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The Effect of Instructional Explanations on Learning from Scientific Texts

Elaine B. Coleman, Ann L. Brown and Inna D. Rivkin
The Journal of the Learning Sciences
Vol. 6, No. 4 (1997), pp. 347-365
Published by: Taylor & Francis, Ltd.
Stable URL: http://www.jstor.org/stable/1466776
Page Count: 19
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The Effect of Instructional Explanations on Learning from Scientific Texts
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Abstract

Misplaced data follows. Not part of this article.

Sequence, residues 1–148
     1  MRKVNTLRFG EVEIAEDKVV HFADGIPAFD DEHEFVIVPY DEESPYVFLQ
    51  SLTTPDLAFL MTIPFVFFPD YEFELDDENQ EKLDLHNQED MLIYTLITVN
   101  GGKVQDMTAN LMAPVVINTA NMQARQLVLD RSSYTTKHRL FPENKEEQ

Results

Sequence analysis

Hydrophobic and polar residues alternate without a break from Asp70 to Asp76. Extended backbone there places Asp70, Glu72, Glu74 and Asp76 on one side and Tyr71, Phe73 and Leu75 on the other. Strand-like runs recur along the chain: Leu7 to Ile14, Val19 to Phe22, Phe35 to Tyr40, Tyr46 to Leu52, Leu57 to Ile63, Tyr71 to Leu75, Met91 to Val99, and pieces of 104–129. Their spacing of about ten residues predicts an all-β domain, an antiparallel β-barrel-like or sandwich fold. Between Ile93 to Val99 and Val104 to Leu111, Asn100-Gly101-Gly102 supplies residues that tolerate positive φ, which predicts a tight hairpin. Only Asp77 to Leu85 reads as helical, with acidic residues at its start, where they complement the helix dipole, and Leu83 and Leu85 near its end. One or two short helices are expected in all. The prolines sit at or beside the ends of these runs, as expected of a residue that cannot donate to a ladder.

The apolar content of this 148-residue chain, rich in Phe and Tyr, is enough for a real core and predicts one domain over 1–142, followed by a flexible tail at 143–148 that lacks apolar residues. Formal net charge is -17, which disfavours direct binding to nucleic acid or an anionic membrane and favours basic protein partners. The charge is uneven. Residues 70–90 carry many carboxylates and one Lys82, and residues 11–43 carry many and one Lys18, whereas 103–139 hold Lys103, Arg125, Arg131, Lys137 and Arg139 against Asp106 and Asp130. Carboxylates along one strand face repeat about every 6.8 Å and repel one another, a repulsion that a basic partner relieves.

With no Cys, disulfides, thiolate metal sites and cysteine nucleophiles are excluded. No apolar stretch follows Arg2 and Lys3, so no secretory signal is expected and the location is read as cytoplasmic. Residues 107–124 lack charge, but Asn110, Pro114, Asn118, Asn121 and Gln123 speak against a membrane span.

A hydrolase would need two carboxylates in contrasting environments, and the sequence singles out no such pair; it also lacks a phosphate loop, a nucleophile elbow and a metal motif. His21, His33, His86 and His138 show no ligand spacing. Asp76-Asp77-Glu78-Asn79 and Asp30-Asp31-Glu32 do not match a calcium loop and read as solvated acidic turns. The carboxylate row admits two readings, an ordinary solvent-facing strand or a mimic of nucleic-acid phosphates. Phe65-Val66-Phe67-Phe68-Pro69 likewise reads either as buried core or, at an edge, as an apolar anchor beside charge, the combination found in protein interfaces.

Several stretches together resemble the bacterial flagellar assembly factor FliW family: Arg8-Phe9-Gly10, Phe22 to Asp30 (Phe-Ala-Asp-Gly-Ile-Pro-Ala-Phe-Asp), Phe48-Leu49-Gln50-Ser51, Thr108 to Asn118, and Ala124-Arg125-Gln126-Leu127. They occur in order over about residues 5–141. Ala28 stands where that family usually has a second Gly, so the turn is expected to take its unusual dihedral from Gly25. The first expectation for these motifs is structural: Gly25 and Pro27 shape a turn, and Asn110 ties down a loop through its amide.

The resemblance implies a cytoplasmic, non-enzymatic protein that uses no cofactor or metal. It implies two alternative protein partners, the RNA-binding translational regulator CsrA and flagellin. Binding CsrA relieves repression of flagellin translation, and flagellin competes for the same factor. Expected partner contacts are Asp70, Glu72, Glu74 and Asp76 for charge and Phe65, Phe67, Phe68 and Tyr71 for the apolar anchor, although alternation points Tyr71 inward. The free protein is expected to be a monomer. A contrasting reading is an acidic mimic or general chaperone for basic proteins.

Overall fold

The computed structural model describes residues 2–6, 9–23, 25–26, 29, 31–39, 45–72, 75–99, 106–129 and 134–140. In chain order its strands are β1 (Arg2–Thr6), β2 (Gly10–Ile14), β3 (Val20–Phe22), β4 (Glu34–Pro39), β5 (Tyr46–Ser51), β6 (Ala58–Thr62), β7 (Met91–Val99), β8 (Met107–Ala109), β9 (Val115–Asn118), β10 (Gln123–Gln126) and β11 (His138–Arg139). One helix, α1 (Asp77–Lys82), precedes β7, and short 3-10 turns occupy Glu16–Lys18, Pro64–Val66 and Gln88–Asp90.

This study explored the influence of offering different instructions to undergraduate students prior to their learning an expository text on evolutionary biology. Participants were asked to either explain, summarize, or listen to another's explanation or summary of Darwin's theory of evolution through natural selection. Three conditions were compared: In Condition 1, students were told to study the text because they were going to teach the contents of the text to their partner by either explaining or summarizing (these are referred to as the teach through explanation or summary conditions). In Condition 2, 2 different groups of participants were told to study the identical material on evolution and either explain or summarize the contents of the text aloud to the experimenter following the study period. However, they were only told to do so after they were finished studying for themselves. These are referred to as the explain or summarize to self conditions. In Condition 3, 2 different groups did not read the text for themselves. They were told that their partner was preparing to teach them a text on evolution and that they should listen carefully to their partner's explanation or summary because they would be asked some questions afterwards. These 2 groups are referred to as the hearers (50% listened to an explanation and 50% listened to a summarization). Overall, explainers outperformed summarizers on a far transfer task dealing with evolution. Moreover, the teach through explanation condition had the strongest effect on students' learning from text as measured by their performance on (a) an explanation-summary task, and on (b) evolutionary near and far transfer problems.

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